Mrs. Carmody sways many into religious fanaticism

There's no doubt that Mrs. Carmody is a villain in this setting. She is a religious fanatic who instantly gets on most people's nerves from the start. As soon as trouble emerges, she starts prophesying blood and death claiming that God is taking out his vengeful wrath in the form of the apocalypse. Nearly everyone dismisses her, including Jim who threatens to put his boot in her tailpipe. However, as more horrors unfold for the good folks locked in the grocery store, the more Mrs. Carmody's particular brand of salvation starts to sound appealing. People see that death always occurs after she claims that it would. Furthermore, she is spared from one of the insects that lands on her simply because she held still. However, moments like these are enough to sway some of the weak-minded among the group that need to latch on to something.

She later tells David and crew that their trek to the pharmacy will fail and end in death. Unfortunately, the party did fail to retrieve the medicine needed and two men were killed in the process. The next time we see Mrs. Carmody preaching, Jim is among her congregation. The idea that one extremist can sway countless others to their side in the face of adversity is horrifying. Radical groupthink often leads to the most violent and destructive outcomes, as we've seen in our modern world. Mrs. Carmody's collection of miscreants is no different.

Otherworldly spiders attack

The journey to the pharmacy is one of the most harrowing moments in the film. It is here that David and crew witness the full effect of the mist in force. Clearly, no one barricaded the pharmacy. Monsters got in with ease and made the place a nesting ground. What sort of monsters were these, exactly? Well, if you have a case of arachnophobia, this might be the moment in the film where you close your eyes. These alien spiders can only be conjured in the darkest pits of Hell. Their webbing is acidic. Bobby gets sprayed around the arm with the webbing which flays the skin off his arm completely in a visual not meant for the squeamish.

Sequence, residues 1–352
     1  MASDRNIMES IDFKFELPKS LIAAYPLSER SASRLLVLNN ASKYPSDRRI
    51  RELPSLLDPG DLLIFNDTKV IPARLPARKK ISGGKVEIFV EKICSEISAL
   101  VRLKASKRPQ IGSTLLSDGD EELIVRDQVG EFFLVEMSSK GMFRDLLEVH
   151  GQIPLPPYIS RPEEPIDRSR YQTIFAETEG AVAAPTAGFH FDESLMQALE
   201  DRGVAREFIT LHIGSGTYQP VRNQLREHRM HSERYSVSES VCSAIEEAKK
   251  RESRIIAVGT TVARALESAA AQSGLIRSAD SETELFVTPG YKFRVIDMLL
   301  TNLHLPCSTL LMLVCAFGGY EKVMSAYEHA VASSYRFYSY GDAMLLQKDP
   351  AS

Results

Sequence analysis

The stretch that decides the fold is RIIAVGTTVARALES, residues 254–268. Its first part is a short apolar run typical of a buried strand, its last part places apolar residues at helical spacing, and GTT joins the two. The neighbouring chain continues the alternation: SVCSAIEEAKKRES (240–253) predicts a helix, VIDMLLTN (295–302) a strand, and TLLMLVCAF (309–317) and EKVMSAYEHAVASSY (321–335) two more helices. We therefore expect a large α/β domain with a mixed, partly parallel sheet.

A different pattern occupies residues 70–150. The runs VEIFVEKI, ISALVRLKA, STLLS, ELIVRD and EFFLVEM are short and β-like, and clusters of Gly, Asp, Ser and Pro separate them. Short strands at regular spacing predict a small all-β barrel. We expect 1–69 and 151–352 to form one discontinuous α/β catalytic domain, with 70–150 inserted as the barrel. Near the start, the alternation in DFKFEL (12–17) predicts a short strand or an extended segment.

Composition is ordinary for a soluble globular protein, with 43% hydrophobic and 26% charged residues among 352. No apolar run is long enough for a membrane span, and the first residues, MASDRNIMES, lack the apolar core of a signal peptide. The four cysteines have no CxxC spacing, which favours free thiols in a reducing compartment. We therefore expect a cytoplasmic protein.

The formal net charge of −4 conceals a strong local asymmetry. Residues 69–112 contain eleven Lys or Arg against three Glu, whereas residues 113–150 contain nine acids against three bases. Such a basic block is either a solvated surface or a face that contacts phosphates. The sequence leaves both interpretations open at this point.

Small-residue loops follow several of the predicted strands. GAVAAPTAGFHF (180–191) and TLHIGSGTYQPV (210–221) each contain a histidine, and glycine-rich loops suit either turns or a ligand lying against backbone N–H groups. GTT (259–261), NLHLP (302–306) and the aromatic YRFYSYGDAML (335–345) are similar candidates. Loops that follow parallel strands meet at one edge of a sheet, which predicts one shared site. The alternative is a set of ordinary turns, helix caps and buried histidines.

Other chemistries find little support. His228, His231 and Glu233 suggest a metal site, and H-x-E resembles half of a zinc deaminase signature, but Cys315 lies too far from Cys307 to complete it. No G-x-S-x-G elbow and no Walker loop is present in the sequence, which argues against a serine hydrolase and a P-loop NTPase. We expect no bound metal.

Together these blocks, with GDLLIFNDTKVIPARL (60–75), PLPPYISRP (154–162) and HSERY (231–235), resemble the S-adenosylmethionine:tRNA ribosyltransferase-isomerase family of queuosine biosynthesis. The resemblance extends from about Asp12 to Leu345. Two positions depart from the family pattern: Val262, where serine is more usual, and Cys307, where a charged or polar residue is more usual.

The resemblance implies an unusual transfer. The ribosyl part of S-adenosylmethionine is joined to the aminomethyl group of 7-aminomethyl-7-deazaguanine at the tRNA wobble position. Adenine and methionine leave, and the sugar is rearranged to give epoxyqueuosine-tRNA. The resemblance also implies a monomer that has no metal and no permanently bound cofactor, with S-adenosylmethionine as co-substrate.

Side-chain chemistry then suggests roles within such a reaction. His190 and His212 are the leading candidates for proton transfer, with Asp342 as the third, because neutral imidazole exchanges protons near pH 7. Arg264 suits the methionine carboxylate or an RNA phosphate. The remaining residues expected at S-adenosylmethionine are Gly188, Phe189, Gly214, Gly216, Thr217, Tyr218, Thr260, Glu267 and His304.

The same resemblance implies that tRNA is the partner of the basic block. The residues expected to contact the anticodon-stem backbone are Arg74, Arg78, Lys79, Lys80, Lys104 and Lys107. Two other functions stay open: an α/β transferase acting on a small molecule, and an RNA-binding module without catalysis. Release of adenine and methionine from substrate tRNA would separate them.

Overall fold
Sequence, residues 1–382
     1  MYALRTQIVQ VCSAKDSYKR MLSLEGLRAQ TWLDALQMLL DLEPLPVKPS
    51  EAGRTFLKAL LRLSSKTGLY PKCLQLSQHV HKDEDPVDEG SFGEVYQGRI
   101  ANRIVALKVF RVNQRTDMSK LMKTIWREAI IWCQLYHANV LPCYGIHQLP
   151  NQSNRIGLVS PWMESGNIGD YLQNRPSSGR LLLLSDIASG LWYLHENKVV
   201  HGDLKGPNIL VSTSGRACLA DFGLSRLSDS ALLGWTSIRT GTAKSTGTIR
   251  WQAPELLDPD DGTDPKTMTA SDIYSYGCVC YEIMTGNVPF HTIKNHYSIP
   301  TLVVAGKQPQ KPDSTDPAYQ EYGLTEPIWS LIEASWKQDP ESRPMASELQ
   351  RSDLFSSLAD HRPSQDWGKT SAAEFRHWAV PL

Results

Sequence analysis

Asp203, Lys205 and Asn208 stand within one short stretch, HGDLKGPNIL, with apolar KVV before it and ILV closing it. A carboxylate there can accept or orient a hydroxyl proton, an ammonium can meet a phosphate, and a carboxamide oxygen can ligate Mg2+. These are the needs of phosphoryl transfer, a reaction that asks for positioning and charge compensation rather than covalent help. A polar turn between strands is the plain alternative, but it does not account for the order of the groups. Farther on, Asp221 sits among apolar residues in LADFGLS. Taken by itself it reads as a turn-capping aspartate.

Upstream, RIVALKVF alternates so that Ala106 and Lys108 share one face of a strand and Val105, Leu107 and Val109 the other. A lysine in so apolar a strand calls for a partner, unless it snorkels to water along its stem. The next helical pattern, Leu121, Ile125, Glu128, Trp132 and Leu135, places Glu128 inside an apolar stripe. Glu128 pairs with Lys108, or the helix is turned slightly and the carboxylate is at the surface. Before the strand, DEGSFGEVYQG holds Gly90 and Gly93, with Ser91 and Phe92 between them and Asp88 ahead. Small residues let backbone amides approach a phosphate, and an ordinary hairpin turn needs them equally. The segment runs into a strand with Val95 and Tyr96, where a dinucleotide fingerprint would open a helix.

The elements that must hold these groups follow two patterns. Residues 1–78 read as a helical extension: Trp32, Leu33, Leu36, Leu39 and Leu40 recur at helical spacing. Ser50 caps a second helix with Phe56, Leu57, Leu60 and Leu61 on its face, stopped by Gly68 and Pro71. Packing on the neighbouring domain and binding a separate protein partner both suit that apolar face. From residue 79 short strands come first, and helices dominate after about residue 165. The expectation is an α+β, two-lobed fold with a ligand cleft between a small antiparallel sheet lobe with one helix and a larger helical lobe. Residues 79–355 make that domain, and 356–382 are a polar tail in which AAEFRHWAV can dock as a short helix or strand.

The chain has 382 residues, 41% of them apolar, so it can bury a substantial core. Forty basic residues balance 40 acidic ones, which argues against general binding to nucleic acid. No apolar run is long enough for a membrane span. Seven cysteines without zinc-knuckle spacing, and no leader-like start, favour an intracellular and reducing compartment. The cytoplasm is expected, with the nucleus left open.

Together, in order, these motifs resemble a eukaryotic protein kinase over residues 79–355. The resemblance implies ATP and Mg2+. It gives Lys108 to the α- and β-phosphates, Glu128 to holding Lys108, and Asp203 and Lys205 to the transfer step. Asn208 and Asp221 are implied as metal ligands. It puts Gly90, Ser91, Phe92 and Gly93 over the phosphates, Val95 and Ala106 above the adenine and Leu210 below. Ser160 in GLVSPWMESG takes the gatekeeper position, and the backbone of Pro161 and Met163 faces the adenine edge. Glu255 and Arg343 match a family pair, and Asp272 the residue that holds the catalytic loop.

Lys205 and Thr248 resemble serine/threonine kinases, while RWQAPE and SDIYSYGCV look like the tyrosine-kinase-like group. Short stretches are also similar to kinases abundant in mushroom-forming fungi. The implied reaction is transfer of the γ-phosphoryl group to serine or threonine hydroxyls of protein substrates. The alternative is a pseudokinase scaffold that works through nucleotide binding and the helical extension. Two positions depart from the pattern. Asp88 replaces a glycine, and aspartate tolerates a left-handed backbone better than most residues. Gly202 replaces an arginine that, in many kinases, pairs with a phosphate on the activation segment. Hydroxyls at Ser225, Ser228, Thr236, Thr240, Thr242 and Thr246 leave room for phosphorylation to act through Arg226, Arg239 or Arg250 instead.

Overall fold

Furthermore, they apparently lay their eggs inside the bodies of the living. That's right, they don't kill their victims outright. The MP officer from the beginning of the film is found in the pharmacy bound by webbing and barely alive. Before the crew knows what's happening, baby spiders begin emerging from the man's body. Eventually, he falls over and his entire body explodes with a swarm of baby spiders bursting outward. It's not for the faint of heart and will likely leave an impression on even the most astute horror fan.

Mrs. Carmody orders the sacrifice of Jessup

There is a swirl of emotions that everyone must be enduring in this type of situation. Fear gives way to grief, regret, and even anger. When David finally learns from Jessup that the military is behind the mist and the creatures within it, Jim overhears the whole thing and brings Jessup before Mrs. Carmody's congregation to force him to explain the situation. He divulges that the military was engaging in some experiment known as Project Arrowhead. Jessup claims he has no idea what the project is, but that he was simply stationed there. However, Mrs. Carmody feeds off the anxiety of her congregation and the poor soldier is indicted for the crimes of, well, everything that has befallen this small town. The idea that a private could even have a modicum of control over such a secretive project is absurd. Yet, Mrs. Carmody's congregation believes her accusations.